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How to select your perfect first DLSR

Buying your first DSLR camera can be daunting. Not only do you have to decide between brands you have to decide between a plethora of models, lenses and accessories, before potentially committing yourself (financially and emotionally) long term to the equipment provider of your choice.

The goal of this post is to make your buying decision that little bit easier!


Why Nikon?Laurence Sweeney Photography - Nikon logo

The two main players in the DSLR market are Nikon and Canon. If you have friends or family that use one or the other that will probably have already swayed your decision, and it’s a good reason!

I’ve been using Nikon for years now. They benefit from a huge, supportive online community and their lens mount size is consistent (going back to the 70’s!) so there is plenty of choice and you get pick up quality used lenses and accessories at relatively inexpensive prices. Also bear in mind that you end up replacing your DSLR body every few years whereas quality lenses can last years.

Megapixels, pah!

Any new camera you’re considering will have more than enough megapixels for what you need (unless you’re an aspiring commercial noticeboard photographer). Even models at the lower end with 10-12 megapixels will give enough detail to blow up your photos to posted size with no major issues, and how often is that likely to happen!? Moreover it just isn’t practical to shoot at very large megapixel sizes (a number of higher end entry-level DSLR’s now have 22-24 megapixel sensors) as the file sizes are enormous, take time to process and save, and ultimately just aren’t that practical!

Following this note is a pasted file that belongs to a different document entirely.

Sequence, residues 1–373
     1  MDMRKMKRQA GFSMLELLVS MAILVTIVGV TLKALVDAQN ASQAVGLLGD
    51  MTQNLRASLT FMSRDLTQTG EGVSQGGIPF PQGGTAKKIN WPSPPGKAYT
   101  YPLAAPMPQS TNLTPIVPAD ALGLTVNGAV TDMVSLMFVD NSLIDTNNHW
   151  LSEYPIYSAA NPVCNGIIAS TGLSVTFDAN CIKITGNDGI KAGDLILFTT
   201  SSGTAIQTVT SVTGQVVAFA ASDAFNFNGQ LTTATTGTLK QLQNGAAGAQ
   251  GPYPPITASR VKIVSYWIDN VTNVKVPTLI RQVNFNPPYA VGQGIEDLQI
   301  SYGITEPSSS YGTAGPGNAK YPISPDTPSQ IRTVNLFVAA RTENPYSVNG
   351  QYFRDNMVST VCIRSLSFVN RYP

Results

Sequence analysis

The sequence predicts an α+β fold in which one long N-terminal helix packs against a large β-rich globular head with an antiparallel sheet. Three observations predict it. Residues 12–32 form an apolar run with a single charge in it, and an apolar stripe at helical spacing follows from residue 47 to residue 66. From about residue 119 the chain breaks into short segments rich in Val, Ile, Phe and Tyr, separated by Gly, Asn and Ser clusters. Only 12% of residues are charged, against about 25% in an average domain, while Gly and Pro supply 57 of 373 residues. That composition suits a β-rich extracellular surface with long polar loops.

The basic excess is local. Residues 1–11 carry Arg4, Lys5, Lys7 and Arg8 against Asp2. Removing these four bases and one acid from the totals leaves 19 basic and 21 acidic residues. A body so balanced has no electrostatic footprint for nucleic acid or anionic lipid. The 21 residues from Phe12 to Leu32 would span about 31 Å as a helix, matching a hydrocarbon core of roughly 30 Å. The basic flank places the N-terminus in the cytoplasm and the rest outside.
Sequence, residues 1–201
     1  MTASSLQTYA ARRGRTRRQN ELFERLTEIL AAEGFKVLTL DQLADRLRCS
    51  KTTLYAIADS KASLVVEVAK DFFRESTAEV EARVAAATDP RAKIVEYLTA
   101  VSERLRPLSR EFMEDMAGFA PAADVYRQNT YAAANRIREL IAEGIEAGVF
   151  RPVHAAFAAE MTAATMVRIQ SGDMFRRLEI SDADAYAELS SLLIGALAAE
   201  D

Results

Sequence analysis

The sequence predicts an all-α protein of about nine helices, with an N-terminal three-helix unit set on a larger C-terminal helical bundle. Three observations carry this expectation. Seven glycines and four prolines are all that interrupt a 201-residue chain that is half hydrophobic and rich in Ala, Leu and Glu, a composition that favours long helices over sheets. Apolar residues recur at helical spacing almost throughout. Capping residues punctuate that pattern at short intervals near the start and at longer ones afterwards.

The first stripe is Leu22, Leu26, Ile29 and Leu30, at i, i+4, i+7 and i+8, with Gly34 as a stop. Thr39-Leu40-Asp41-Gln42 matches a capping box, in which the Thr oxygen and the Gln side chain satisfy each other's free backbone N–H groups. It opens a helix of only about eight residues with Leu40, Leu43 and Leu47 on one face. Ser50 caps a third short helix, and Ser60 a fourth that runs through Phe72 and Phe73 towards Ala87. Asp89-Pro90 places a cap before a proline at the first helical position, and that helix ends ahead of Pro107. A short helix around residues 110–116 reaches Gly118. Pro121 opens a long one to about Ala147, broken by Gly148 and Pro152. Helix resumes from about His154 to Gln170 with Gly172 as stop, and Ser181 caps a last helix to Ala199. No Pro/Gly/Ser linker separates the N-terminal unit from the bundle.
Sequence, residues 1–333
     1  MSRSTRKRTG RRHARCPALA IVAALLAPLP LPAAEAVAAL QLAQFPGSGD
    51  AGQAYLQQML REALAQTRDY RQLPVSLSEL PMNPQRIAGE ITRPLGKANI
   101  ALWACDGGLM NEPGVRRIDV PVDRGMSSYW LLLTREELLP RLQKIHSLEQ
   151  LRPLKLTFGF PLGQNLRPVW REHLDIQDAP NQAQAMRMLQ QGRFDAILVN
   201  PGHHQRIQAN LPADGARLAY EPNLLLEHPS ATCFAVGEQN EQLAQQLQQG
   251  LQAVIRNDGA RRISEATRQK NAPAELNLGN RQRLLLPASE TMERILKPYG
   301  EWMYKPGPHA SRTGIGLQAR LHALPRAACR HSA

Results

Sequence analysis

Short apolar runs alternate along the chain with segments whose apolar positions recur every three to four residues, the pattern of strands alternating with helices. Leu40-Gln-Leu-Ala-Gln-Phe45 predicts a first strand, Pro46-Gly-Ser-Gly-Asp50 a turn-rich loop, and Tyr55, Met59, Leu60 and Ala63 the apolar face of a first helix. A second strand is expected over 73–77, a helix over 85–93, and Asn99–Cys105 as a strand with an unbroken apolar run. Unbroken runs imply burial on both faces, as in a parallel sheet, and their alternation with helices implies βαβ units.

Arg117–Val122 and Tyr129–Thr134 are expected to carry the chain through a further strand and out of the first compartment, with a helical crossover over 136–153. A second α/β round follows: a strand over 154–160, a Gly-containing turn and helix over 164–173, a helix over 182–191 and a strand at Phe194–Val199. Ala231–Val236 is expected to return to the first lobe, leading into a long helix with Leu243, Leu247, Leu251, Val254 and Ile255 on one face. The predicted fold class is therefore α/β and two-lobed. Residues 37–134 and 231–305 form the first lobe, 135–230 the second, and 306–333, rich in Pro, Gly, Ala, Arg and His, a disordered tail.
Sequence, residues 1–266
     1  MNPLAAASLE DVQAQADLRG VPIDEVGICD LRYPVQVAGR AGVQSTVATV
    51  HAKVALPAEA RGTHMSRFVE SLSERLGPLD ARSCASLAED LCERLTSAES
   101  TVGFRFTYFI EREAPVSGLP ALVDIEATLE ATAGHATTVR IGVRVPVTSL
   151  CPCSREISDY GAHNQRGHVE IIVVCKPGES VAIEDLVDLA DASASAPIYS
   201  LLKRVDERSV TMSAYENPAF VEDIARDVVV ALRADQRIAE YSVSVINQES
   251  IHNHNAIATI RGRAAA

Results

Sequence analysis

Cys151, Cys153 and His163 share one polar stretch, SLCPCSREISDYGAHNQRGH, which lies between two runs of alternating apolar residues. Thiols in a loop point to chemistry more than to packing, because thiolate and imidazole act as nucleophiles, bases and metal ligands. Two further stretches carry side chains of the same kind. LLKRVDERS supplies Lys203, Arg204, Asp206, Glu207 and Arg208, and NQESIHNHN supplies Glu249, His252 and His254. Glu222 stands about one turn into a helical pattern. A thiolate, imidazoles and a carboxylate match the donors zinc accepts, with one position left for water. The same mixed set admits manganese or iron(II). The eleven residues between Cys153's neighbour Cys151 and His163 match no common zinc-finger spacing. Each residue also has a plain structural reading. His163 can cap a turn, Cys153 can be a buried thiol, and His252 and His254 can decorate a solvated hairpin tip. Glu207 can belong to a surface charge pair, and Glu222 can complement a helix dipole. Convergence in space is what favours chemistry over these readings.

Cropped frame vs full frame

Unless you’re an experienced professional photographer do not even consider full frame DSLR’s as they’re overkill for what you need. Full frame cameras are very expensive and all you’re getting in day-to-day terms is more weight and on-camera controls you’ll probably never use.

Budding HDR photographer?

You can do HDR photography with any camera that allows you to set manual controls but if you’re serious you’ll need a camera that has bracketing built in. This means the camera can automatically take 3 images at varying exposures (usually one at normal exposure, one underexposed, and one over exposed). You can then use HDR software to create one perfectly exposed image.

Professional features but on a budget?

You may be tempted to buy something like a Nikon D300 as you can pick them up for less than the price of some newer cameras. You’ll get fantastic build quality, more manual features and a decent price. However, the D300 is an old camera now and there have been a number of major advancements in camera technology in recent years, meaning you’ll get better photos and many more usable features in something like a Nikon D7100 (almost half the price of the cheapest full frame camera the D600 but essentially the same in terms of features!).

If you are interested in learning more or require the services of an experienced professional photographer in North East England, please contact me I would love to hear from you.

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